In fact, some are concerned. People who rely on alternatives too much -- who don't get treatment that is proven to be effective -- can slip into a more serious clinical depression or anxiety disorder before they realize it.
Phobias are irrational and disabling fears that produce a compelling desire to avoid the dreaded object or situation. A person with a phobia understands that the fear is excessive or groundless. But the effort to resist it only brings more anxiety.
Phobias often begin in childhood. People who suffer from phobias often fear a specific thing, such as germs, bugs, school, dentists, driving, water, balloons, snakes, high places (acrophobia), or enclosed spaces (claustrophobia). The fear is usually...
"There's highly suggestive evidence that some alternatives, especially SAM-e and omega-3 fatty acids, can help, but it's not conclusive," says Andrew F. Leuchter, MD, vice-chair of psychiatry at the UCLA Neuropsychiatric Institute.
"When someone needs treatment, we have to look at what really works," he tells WebMD. "The real danger is that somebody with serious illness could forgo getting an effective treatment for months, even years."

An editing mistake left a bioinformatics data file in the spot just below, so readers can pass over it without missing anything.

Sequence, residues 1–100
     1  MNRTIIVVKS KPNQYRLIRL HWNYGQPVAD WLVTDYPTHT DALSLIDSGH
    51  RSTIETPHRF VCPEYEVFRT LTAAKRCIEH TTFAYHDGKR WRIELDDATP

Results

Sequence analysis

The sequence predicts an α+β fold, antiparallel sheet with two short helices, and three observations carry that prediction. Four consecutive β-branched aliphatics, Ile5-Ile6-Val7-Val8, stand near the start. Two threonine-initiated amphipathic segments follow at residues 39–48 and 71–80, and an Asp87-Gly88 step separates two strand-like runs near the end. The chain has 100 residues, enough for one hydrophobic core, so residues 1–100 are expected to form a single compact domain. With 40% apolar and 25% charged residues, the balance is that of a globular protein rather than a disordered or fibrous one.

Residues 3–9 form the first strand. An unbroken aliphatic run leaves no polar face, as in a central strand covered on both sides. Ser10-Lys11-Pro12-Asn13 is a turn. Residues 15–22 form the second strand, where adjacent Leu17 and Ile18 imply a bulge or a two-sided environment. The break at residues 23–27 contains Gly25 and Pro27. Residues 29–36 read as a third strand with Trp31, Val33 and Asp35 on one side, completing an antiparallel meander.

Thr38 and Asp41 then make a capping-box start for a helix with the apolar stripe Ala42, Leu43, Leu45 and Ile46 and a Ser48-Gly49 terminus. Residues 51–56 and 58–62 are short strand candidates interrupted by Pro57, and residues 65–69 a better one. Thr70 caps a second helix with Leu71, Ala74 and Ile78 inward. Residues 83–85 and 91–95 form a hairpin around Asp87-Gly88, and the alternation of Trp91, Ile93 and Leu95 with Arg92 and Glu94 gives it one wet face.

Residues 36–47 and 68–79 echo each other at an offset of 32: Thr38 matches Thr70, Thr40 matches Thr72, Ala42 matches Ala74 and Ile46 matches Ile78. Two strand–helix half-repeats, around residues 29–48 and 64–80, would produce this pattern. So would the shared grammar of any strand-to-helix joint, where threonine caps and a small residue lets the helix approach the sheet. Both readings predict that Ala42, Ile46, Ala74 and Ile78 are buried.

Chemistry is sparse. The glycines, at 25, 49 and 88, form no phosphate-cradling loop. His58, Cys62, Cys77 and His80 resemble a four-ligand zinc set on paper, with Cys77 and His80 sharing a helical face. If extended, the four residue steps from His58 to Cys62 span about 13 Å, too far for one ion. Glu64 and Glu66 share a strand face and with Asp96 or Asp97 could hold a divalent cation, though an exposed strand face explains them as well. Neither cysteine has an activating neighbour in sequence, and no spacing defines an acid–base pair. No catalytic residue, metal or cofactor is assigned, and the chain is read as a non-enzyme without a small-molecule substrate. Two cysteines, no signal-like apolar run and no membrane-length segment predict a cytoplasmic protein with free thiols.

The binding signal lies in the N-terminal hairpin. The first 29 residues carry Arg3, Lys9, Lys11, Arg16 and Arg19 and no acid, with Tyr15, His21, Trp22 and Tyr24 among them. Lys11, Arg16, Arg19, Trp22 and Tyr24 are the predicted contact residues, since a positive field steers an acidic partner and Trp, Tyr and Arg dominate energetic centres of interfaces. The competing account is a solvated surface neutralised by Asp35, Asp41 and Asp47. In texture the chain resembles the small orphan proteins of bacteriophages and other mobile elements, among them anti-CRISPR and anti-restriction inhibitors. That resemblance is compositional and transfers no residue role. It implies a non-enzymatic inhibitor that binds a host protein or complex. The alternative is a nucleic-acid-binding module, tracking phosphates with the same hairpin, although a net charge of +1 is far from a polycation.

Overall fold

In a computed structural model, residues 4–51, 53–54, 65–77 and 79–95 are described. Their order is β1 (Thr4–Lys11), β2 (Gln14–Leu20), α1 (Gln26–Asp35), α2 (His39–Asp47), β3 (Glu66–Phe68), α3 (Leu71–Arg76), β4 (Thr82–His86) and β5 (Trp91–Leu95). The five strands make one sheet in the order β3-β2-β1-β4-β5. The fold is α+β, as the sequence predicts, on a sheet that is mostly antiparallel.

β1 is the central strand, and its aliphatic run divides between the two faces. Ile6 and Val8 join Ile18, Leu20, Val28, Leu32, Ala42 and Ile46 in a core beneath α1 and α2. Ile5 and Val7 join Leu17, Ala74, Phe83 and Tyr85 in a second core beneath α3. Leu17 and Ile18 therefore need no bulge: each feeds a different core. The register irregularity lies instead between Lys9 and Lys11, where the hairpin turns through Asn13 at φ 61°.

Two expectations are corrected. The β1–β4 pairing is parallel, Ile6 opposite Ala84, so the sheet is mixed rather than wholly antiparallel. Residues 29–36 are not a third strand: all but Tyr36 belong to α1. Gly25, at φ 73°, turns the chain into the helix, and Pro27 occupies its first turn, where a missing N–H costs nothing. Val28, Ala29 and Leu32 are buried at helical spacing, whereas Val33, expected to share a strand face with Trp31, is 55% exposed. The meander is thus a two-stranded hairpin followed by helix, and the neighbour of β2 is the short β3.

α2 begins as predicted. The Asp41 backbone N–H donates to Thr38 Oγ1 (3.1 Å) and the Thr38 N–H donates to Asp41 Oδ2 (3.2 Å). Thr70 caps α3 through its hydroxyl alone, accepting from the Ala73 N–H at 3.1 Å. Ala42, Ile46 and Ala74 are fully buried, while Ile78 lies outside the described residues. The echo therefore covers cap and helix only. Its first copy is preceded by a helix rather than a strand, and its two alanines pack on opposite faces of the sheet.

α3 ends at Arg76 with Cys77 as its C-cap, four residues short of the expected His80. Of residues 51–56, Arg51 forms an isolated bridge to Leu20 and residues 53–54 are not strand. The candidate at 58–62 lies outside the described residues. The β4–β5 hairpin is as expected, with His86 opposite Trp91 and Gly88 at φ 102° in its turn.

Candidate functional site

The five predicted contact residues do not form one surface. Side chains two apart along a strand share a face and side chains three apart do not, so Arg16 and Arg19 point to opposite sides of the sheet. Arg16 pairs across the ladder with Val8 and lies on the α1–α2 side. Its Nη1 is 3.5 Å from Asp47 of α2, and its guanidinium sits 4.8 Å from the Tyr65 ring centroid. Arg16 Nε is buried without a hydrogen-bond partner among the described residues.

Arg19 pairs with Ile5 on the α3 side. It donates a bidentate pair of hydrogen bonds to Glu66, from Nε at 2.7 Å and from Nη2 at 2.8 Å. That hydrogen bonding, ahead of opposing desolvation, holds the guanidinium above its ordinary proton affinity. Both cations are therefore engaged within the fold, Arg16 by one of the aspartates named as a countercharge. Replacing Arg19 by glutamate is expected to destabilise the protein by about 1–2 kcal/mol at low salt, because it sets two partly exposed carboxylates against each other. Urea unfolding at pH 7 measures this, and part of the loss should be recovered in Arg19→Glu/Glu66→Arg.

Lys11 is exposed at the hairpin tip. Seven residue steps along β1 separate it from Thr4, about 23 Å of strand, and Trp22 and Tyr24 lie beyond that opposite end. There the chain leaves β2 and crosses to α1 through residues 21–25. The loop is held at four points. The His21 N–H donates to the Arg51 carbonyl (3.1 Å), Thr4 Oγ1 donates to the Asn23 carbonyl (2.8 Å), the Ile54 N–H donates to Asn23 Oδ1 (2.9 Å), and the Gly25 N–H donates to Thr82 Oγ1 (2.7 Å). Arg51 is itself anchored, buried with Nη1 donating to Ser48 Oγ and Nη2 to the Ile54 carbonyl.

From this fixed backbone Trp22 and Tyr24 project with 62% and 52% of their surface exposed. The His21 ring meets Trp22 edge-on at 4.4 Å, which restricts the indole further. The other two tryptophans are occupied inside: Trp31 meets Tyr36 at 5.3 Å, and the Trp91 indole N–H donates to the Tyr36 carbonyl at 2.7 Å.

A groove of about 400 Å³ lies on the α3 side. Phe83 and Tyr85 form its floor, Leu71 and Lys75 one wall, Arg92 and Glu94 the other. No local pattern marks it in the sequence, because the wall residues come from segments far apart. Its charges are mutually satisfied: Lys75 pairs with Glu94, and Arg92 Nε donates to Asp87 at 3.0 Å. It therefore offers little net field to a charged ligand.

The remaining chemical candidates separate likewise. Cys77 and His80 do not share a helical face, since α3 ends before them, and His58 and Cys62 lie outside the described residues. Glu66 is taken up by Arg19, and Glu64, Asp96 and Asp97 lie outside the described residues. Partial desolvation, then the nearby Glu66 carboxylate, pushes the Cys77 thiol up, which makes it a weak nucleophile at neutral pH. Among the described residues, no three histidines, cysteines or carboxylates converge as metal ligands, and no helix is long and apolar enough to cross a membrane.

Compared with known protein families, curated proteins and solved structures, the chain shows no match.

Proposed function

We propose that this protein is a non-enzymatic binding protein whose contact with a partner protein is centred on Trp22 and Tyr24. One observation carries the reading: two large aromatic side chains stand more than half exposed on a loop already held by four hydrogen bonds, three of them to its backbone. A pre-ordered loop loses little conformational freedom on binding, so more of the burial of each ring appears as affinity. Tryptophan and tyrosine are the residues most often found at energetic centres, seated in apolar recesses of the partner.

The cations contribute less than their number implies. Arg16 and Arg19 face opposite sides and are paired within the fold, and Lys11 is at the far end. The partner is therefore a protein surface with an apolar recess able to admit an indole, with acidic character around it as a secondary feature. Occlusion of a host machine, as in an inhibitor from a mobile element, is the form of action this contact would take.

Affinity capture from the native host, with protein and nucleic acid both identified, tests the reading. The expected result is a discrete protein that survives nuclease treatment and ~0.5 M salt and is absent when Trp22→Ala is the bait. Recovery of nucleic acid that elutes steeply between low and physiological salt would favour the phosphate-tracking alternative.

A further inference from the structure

Why are people turning to alternatives? For some, it's the side effects from antidepressants. Others simply don't want to take antidepressants -- they prefer a more "natural" approach. Still others don't think their antidepressants have worked well enough in treating their clinical depression or anxiety disorders.
Ronald Glick, MD, medical director of the Center for Complementary Medicine at the University of Pittsburgh Medical Center-Shadyside, has seen plenty of patients searching for alternatives for their mood disorders.
"Medications and psychotherapy are still the mainstays when it comes to treating depression and anxiety," says Glick, who is also professor of psychiatry at the University of Pittsburgh School of Medicine. "But alternative therapies can help. It depends on what you expect from them."
The Top Contenders
St. John's Wort
This may be the most-studied herb -- with more than 30 studies so far -- and some show it to be effective for treatment of mild forms of depression, says Glick. In fact, the University of Pittsburgh is participating in a study of the herb. "It looks quite promising," he says.
Despite the promise, the story of St. John's wort illustrates some important points, says Leuchter.
"There is data suggesting an effect -- a number of studies in Europe showed that it worked for major clinical depression," he tells WebMD. "But when double-blind, placebo-controlled 'gold-standard' studies were done, we found that it was not effective for major depression. That shows the peril of looking at small studies that are not well controlled to establish that something works."